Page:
Loyalty

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Chapter 3

Shyla took an involuntary step back as Dark Ninja stepped towards her. She took in his full six-feet-two at a glance, but stopped when she reached his eyes. The green seemed familiar to her, but she couldn’t place the familiarity. That bugged her a little, that she should recognise this ninja, but didn't. “I would just like to congratulate you,” said Dark Ninja quietly, “on your achievement.” He pulled down his body-fit, long-sleeved top, drawing Shyla’s eyes to his well-formed chest and stomach. “Not many trainees can beat me in a fair fight.”

“Um, thanks, I guess.” Replied Shyla, suddenly nervous around this more experienced ninja.

The nerves suddenly got the better of her, and she turned and jumped over the edge of the building into a nearby tree. Dark Ninja followed her closely, attempting to catch her. Shyla hid under an archway in a deep shadow as Dark Ninja ran past her and up the street. Her heart pounded in her ears, blocking her hearing and clouding her vision. This wasn’t an unusual reaction, because Shyla was still new at reigning in her instinctive responses to being chased.

Shyla breathed deeply, but silently, in an attempt to slow her heart. As soon as she could hear clearly, she dived out of the shadow and headed towards her house. She was acutely aware of every noise, every movement, and this made her skittish. Her house was in sight, when a voice from behind her stopped her. “Ginger Ninja,” it said softly. “Where are you going?”

Shyla turned slowly to find Dark Ninja standing right behind her, hidden in the shadow that loomed over the lawn she stood on. “I’m going home,” she replied, barely audible.

“I’ll leave you then.” Said Dark Ninja, his green eyes glowing in the moonlight. “Will you be out tomorrow?”

“Maybe.” She answered with a smile.

“I’ll see you then,” came the stark reply, the dark figure vanishing into the gloom as he spoke.

Dark Ninja had departed into the black night, leaving her standing in the front garden of the house across the street from hers, bewildered. Shyla belatedly realized she was standing in Shaun’s front garden, his family having moved into the house from the other side of the suburbs.

Shyla turned and walked across the street to her house, sticking to the shadows as much as she could. She hoisted herself up the tree slowly and crawled through her window.


Henry climbed the tree outside his bedroom window. Gently lowering himself into the room, he made his way to the dresser on the far side. He yanked off his mask in rare frustration, revealing his angular face. His curly black hair was ruffled, so he absently smoothed it down with his hand. He pulled off his long-sleeved top and opened one of the drawers in the dresser. Taking out a white vest, he pulled it over his head, messing up his hair once more. He turned off his light and crawled under the covers on his bed. Sleep overtook him quickly, and he was soon unconscious to the world outside.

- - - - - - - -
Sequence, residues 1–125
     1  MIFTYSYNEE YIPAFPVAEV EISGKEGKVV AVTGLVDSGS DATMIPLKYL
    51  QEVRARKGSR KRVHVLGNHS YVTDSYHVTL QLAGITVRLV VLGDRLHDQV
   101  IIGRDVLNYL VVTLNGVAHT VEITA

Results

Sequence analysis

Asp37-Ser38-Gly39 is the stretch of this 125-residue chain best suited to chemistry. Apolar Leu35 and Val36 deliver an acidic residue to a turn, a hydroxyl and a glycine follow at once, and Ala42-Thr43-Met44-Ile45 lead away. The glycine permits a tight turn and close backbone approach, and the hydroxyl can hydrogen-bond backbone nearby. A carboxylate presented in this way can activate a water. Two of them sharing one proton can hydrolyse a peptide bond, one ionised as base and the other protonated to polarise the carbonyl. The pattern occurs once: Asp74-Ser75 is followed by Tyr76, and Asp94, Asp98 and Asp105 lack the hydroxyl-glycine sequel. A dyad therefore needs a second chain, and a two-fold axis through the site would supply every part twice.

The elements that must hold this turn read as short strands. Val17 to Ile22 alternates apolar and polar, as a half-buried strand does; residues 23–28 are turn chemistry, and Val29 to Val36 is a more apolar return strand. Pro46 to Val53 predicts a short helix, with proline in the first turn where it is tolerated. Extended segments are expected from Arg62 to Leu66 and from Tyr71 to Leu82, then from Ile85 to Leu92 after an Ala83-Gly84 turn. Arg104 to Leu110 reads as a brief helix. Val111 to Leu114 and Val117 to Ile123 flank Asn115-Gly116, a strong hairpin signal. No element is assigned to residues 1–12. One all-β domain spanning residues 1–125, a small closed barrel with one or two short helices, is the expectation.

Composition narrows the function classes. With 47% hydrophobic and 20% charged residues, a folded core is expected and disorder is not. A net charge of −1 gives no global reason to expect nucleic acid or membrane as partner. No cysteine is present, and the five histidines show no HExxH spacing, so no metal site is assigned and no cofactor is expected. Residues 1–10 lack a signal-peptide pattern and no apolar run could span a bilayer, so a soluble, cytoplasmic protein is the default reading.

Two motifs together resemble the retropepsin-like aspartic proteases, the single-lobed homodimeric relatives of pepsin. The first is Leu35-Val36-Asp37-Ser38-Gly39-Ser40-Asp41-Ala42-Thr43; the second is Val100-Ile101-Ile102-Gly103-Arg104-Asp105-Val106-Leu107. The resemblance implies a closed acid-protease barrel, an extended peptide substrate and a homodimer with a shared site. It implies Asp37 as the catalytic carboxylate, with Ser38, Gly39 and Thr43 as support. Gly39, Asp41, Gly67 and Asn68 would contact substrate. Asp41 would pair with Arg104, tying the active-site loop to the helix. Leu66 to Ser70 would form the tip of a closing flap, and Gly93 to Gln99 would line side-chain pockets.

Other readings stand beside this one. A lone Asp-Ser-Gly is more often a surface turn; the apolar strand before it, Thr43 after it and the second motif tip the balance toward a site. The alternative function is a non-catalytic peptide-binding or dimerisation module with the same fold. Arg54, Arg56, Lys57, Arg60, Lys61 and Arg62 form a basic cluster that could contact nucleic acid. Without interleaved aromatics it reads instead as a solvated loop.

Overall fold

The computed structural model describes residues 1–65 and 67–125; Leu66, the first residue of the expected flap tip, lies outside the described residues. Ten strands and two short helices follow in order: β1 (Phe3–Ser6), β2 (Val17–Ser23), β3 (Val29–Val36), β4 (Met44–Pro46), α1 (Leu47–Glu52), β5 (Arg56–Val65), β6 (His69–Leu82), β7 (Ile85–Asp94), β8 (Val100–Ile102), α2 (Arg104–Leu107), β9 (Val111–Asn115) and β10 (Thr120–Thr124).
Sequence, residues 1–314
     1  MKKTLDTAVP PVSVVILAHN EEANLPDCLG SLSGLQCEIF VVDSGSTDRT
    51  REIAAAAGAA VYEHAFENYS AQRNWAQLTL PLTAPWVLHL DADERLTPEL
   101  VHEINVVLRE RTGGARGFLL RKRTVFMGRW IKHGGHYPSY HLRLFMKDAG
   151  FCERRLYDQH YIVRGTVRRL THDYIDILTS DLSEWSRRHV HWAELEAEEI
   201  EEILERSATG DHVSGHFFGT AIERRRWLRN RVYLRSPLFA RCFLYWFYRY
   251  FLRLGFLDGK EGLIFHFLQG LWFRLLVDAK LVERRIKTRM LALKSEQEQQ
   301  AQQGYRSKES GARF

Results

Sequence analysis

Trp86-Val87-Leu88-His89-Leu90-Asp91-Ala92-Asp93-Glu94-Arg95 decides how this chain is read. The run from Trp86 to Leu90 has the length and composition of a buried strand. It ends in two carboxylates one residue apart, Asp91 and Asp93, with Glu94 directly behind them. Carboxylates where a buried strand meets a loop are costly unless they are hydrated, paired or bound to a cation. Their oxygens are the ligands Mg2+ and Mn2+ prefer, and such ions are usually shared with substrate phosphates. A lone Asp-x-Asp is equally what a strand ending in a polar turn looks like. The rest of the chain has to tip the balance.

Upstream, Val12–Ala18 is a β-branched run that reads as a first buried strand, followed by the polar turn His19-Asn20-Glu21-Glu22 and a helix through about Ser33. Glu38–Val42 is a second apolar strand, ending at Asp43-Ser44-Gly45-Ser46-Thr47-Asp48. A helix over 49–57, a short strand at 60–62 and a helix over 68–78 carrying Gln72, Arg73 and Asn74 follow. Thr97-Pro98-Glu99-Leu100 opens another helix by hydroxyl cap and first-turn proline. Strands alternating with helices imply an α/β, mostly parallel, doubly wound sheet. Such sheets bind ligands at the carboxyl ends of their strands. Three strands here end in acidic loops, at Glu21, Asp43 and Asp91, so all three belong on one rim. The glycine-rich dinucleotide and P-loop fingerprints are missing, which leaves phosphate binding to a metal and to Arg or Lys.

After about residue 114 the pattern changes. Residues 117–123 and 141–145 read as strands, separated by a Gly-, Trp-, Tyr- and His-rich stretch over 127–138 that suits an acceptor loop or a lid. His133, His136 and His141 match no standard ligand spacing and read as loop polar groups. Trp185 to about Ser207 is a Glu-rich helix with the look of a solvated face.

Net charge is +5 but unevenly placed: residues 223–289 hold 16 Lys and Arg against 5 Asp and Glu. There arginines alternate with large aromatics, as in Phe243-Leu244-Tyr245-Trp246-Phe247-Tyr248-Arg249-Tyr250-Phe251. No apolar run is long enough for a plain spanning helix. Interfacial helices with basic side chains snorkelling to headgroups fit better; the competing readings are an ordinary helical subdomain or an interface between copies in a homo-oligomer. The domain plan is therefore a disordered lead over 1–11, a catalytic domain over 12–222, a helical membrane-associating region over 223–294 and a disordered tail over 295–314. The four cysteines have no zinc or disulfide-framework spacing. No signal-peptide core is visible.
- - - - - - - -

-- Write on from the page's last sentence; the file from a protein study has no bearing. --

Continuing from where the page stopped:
Shyla spent the next day working out in her basement gym. She needed to stay fit and strong if she were to have any hope of being the best ninja she could. As she performed her workout routine on the punching bag in the corner, she thought of Dark Ninja, and how he had followed her the previous night.

It concerned her, because she didn’t generally have contact with the other ninjas of the school. It wasn’t uncommon for full ninjas to assist in the training sessions of the trainees, but it was very uncommon for full ninjas to retain their contact with the school once their six months of assisting in training was complete.

Many went into other fields, acting merely as consultants should the master need assistance. Master Wong had some students who had stayed, but Shyla didn’t know their identities, as they didn’t know hers. She preferred it that way.

While it wasn’t necessary for full ninjas to remain anonymous to each other, ninjas who had not completed their training had a bad habit of accidentally revealing ninjas they knew in public. To curb this bad habit, the master made all ninjas – those assisting and those training – wear their masks to hide their identities. It helped a lot with blending into society, because ninjas who had not fully completed their training could be volatile. Add that into a situation they weren’t always equipped for, and problems could very swiftly arise.

Newly successful ninjas were inexperienced, often leading to ninjas entering into conflicts an older, more experienced ninja would have avoided. But their training usually kicked in, and they would go out of a situation with a lesson well learned.

But that was all part of maturing, a part Shyla was learning happened to everybody.


Henry sat down opposite Master Wong in his meditation room. He had asked the master trainer to speak with him over concerns about Ginger Ninja. Once they were settled, Master Wong inclined his head. “This is about the new ninja, is it not?”

Henry nodded. “I’m concerned, Master. She seems too volatile to be effective.”

Master Wong nodded in agreement. “I see what you are saying, Henry. But she is just young. Many new ninjas are exactly like her. Hot-headed, and a little reckless. It does not mean she has no discipline; just that she must mature and learn to pick her fights more carefully. Give her a few months, a tough assignment, and she will grow into her skills enough to avoid most fights.”

Henry had to agree with the master. After all, Master Wong had been training ninjas in Rutherford for nearly sixty years. Long enough to pick up on any trends. Henry took a sip of his green tea and turned the conversation over to other matters; the decision to learn the history behind the practice.

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